Before we quit our jobs to travel to Argentina, I traveled several times a month for work. While I enjoyed seeing new places, meeting new people, and sampling local foods, I felt guilty about the impact my frequent business travel had on the planet.
photo credit: vipeido
Thus, I did everything I could to be a greener business traveler. Here are some of my tips:
Before you decide a business trip is absolutely necessary, check first to see if a teleconference could happen in place of meeting in person. Sometimes the people you are working with are just as happy to have a tele- or video- conference and it saves you time and expense while having less environmental impact.
Take the Train or Bus
If you can, take a bus or train to your destination. I took the Acela fast train from Washington, D.C. to New York several times. It was less of a hassle (no security lines, easier to get to, fewer delays) and a fun way to see the East Coast.
When a train isn’t an option, fly nonstop. You reduce your emissions by up to 50% with nonstop travel. Check out our guide to the best nonstop search engines.
Schedule Trips Back to Back
If you have several different cities to travel to, schedule the trips back to back. While this can get tiring, you will save time and resources by not flying home in between.
Take Public Transportation to Get Around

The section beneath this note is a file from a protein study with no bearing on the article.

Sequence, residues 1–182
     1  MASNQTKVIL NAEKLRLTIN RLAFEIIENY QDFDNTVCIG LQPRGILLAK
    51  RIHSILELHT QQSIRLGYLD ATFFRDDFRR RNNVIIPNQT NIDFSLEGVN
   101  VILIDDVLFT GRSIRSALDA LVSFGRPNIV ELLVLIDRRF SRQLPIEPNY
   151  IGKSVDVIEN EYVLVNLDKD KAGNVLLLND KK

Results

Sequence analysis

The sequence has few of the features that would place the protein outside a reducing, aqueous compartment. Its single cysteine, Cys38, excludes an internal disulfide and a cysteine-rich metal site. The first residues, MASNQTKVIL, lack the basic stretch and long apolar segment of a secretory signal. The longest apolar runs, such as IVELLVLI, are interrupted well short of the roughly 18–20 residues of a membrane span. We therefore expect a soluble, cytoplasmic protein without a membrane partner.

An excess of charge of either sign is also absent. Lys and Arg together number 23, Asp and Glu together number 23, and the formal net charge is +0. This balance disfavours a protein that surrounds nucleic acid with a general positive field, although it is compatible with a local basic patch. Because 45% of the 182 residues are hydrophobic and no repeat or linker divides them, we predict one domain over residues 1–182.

Once your at your destination, take public transportation to get around. In many cities taking the subway or metro can be faster than a cab inching through traffic.
Hop in an EcoCab
Most major cities now have hybrid taxis and eco cabs. If you must take a taxi, see if this is an option.
If you’re traveling with co-workers, schedule your travel at the same time so that you can share taxi rides or rental cars.
Select a Hybrid Rental Car
If renting a car is the only option that makes sense, get a hybrid rental car. The prices usually fall within a company’s per diem and you can justify it with gas savings.
Stay in a Green Hotel
Green hotels are a great option for business travel. I personally like the Kimpton hotel chain.
Green your Stay
When staying at a hotel, do everything you can to use fewer resources. This includes hanging your towel, adjusting the thermostat, and turning off the lights. See our list of 11 Tips and Tricks for Greening your Hotel Stay.
Bring a Water Bottle
You know how much I love my Klean Kanteen stainless steel water bottle and it looks sleek enough for professional settings. Another option is to reuse your disposable water bottle several times over the course of a short business trip.
Carry One Bag
If you’re a frequent business traveler you probably having packing in one bag down to a science, but if not, check out our tips for packing light.
How to Travel Green In 4 Easy Steps
How to Travel Green is part of our Back to School: Green Travel Basics Series. As the most basic introduction to green traveling, we’ve put together this simple post about how to travel green in four easy steps.
Step 1: Understand Why You Should Travel Green.
You’re probably not going to want to learn how to travel green if you don’t know why you should. We believe that you should travel responsibly because it’s good for the environment, it’s good for local economies, and it’s good for you. Check out these posts for more about why you should travel green:
Step 2: Recall the basic principle: Reduce, Reuse, Recycle.